CAREER DEVELOPMENT: Take ownership of your goals

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“Own it” by taking ownership!

Adam Fidler, Founder of Adam Fidler Academy, the UK’s leading provider of education to EAs and PAs recently talked to a group of EA students about the importance of ownership in their careers. “Now, you might ask: Where has this word come from and why is it important? Well, the funny thing is that over the last few years, in particular, through the client and in-house work that I do, I’ve found many organisations say that a key attribute they are seeking in their EAs today is ‘ownership’. 

Ownership extend beyond your role

When you think of ownership, you may be tempted to think about ownership purely in the role that you perform. Naturally, an EA needs to own their work, be responsible for getting things done, for performing well and for delivering on the service they provide.  However, ownership extends further than that, and that’s why the clients I am referring to ask for ownership of a different kind.

Ownership also means that EAs and PAs now need to take charge of their career  and their professional development.  So, as well as owing their tasks and activities, the expectation is that they also own their career goals and objectives – rather than waiting for someone, such as the boss, to know that for them.

What’s your vision for your career?

Let me ask you all a tough question: “Where do you, as an EA, see yourself in two or five years’ time?” It’s a hard one, I know, but you really need to have an answer.  Because if you have, then you’ve clearly taken ownership of where you want to go in your professional life.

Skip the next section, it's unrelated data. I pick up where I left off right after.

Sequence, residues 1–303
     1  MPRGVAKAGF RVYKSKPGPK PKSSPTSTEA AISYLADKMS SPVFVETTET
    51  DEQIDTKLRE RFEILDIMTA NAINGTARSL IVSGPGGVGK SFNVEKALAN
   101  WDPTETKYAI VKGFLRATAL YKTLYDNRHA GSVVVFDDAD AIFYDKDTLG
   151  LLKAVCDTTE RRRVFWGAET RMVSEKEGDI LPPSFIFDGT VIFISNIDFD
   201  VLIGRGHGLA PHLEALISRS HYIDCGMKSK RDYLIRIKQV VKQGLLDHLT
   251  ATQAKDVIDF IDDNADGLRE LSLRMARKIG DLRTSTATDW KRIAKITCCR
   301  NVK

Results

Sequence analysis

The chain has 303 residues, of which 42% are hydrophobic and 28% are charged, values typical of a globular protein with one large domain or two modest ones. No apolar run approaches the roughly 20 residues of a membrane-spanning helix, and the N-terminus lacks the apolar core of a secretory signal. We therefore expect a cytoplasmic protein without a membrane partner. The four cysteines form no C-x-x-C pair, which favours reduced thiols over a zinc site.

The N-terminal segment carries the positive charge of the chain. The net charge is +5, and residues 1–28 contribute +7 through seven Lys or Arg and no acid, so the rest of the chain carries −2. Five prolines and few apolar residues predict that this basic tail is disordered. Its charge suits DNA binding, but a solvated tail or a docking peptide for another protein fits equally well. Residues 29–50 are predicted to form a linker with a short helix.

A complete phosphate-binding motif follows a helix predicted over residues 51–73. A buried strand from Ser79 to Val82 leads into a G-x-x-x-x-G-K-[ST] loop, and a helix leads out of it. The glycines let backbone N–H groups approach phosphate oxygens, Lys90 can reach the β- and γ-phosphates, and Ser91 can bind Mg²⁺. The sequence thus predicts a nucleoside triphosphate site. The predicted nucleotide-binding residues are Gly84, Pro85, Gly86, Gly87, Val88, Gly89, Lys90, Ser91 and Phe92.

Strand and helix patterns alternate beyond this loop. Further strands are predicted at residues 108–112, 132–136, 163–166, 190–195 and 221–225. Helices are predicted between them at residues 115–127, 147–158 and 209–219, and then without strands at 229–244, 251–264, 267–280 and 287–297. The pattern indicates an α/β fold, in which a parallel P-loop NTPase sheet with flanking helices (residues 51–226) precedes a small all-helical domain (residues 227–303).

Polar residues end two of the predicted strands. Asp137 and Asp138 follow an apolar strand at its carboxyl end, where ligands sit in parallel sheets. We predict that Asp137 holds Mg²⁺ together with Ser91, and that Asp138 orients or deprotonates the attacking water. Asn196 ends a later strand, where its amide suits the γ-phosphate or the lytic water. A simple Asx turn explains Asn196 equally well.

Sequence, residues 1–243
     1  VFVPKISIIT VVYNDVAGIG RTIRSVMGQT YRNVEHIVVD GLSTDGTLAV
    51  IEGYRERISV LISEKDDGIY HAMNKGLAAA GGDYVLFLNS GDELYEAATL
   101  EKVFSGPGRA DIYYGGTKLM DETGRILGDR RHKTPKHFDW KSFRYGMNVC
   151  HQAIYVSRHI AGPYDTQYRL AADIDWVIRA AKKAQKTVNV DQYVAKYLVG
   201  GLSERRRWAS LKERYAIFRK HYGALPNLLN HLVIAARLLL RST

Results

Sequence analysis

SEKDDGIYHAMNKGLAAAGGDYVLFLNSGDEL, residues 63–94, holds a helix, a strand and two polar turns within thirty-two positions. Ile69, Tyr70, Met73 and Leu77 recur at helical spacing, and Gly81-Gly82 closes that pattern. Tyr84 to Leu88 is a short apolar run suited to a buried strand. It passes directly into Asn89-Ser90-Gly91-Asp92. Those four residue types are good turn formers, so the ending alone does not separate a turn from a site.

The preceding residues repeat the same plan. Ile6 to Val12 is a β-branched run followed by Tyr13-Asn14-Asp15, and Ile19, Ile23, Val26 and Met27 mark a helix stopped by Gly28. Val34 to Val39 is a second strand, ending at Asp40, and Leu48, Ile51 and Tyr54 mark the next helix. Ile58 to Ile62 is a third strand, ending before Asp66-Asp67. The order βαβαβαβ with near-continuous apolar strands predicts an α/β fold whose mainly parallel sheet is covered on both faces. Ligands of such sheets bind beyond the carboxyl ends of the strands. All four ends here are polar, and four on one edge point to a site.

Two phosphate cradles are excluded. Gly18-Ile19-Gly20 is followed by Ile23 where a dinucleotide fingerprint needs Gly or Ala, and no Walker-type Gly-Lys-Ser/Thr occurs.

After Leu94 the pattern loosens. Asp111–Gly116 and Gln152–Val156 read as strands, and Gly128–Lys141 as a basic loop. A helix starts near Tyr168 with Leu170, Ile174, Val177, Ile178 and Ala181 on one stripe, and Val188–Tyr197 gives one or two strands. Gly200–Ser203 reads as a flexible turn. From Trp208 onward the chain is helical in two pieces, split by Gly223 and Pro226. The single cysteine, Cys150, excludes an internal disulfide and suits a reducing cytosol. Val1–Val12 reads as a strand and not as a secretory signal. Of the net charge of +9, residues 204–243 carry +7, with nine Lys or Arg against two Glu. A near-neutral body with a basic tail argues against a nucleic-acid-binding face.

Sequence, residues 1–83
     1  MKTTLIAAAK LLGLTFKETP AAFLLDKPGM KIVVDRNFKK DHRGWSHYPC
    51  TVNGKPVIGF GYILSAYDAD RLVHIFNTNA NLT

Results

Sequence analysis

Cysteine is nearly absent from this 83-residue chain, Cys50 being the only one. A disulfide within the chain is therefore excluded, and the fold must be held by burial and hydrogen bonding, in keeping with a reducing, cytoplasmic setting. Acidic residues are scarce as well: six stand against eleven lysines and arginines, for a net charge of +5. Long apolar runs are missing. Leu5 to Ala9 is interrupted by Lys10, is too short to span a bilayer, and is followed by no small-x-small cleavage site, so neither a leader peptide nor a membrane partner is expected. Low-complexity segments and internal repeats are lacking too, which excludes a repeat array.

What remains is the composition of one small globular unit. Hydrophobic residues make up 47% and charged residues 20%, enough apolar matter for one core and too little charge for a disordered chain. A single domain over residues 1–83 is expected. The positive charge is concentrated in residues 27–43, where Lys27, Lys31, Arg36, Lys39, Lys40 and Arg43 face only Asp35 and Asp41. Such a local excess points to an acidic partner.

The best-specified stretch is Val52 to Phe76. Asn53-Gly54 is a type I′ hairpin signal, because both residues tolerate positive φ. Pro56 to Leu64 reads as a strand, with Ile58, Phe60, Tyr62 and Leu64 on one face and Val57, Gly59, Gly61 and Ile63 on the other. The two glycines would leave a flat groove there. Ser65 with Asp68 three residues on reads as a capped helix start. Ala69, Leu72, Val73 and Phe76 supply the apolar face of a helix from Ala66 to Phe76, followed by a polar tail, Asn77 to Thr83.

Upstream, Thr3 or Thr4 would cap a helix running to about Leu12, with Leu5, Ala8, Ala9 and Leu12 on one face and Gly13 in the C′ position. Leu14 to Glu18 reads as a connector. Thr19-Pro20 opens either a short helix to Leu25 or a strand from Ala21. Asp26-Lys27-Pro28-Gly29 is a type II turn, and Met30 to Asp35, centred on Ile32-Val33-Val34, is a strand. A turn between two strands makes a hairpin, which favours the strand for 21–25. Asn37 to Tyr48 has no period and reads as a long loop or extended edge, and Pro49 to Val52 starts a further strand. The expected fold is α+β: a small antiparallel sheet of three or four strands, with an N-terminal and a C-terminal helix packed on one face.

Far too many Executive PAs fall into the trap of saying, “I’ll just wait to see what happens,” or “I will see if my boss gets promoted.”  That may have worked in the past, but in today’s competitive and ever-changing labour market, if you don’t know where you want to be, you’ll never move forwards. Without a plan, you’ll drift and never achieve anything of any substance in life.

So, the next time the boss asks you, “Where do you want to be in two years’ time?” show ownership by knowing where you’re going and being able to articulate the answer. Have a vision for yourself; know your strengths and weaknesses, and put a plan together. I guess I’m saying: have a strategy for your EA career. Show that you have aspiration. That’s how the bosses have got to be where they are – by taking ownership. Why should it be any different for an EA?

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    Marja Toseland

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